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Inflation update—still tame, but still a concern




If you don't believe that the Bureau of Economic Analysis is staffed by professionals that do their best to measure inflation accurately, then this post is not for you. I've been working with the BEA's numbers since 1980, and I have never managed to turn up evidence of gross or chronic error in their numbers. It's fashionable to say that the government is systematically understating inflation, but as the Boskin Commission found, the CPI, for example, may actually be overstating inflation (the CPI is calculated by the Bureau of Labor Statistics). I've compared the CPI to the broader and better-calculated personal consumption deflator (shown above), and to me it looks like there is indeed a case to be made that the CPI overstates inflation as measured by the PCE deflator by maybe as much as 0.5% per year over time. But that's relatively small potatoes. The PCE deflator is arguably the best measure of inflation at the consumer level that we have, and that's why the Fed has adopted it as their preferred measure of inflation.

I've been worried for almost two years that the Fed's late-2008 quantitative easing would eventually translate into higher inflation, and so far I've been dead wrong. As the chart above demonstrates, inflation—whether you exclude food & energy or not—has been close to or within the Fed's 1-2% target range since early last year. On balance, and since the mid-1990s, the Fed has come pretty close to keeping inflation within target. That's pretty impressive, and that's coming from someone who has severely criticized the Fed in the past.

It's also impressive that core inflation has been relatively subdued and stable for the past two years, because relative price stability is only apparent on an aggregate basis. Some prices have gone down by a lot (e.g., anything associated with housing, plus a lot of durable goods prices), while other prices have gone up by a lot (e.g., most industrial commodity prices). And of course energy prices have gone up and down by an extreme amount in recent years, but oil prices today are just about equal to their average of the past four years.

I hesitate to speak for other economists, but I would have bet money that, prior to the Fed's quantitative easing program which started in the fourth quarter of 2008, virtually all economists would have predicted a significant rise in inflation in a scenario in which—as actually happened—the Fed expanded its balance sheet and the monetary base by well over $1 trillion in a matter of months. I don't have a good explanation for why inflation has not gone up, but on the surface, it would appear that the Fed's massive injection of reserves was just the right amount: enough to keep us from experiencing deflation, but not enough to push inflation higher. From a monetarist point of view, in late 2008 the world suddenly developed a massive demand for dollar liquidity, and the Fed managed to satisfy that demand just about perfectly.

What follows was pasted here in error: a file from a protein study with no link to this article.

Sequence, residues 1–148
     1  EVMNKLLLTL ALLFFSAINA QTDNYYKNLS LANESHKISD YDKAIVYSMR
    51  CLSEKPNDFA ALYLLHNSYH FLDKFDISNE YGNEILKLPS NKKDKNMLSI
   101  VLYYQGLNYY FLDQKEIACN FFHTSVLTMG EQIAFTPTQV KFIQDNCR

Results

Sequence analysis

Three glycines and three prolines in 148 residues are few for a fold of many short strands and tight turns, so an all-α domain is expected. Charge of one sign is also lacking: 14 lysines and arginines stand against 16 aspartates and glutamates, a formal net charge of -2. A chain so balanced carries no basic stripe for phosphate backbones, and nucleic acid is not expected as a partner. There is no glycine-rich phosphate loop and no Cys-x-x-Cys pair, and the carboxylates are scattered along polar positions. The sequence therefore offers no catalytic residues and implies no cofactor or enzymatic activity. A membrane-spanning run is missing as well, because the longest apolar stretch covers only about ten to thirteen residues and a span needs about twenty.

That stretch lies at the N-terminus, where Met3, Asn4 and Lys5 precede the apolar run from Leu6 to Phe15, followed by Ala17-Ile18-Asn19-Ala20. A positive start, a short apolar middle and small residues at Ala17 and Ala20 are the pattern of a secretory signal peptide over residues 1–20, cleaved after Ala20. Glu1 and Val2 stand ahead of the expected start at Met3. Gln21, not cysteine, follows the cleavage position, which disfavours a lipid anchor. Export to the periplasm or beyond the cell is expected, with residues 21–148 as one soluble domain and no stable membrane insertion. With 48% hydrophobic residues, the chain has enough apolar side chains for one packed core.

This is not to say that inflation is going to remain well-behaved, however. As Milton Friedman always said, the lags between monetary policy and inflation can be long and variable. It may take years before the Fed's over-supply of bank reserves results in a significant rise in inflation. The U.S. economy is huge and most prices and wages are sticky—there's considerable pricing inertia that must be overcome before prices can rise at a faster clip. But most importantly, the Fed's quantitative easing program has not finished yet; we won't know for some time whether the Fed is able to withdraw its excess supply of bank reserves in time to keep a flood of excess money from washing through the system.

I remain concerned that the risk of a significant rise in inflation is much greater than the risk of deflation. The evidence of an effective oversupply of dollars is already out there: the dollar is very weak, gold prices have soared, and most commodity prices have risen substantially. Plus, there is growing evidence that the demand for dollars is weakening on the margin, as this chart of M2 demand (the inverse of M2 velocity) shows:


One of the unique characteristics of the 2008 recession was the huge and rapid increase in money demand that occurred in the wake of the global financial panic. People the world over suddenly wanted to hold more dollars, and in doing so they sharply cut back on their spending. The dollars that were accumulated in bank accounts (and beneath some mattresses, no doubt) are now slowly being returned to normal circulation. This has the effect of increasing the amount of money available to the economy, which in turn can fuel growth as well as higher inflation.

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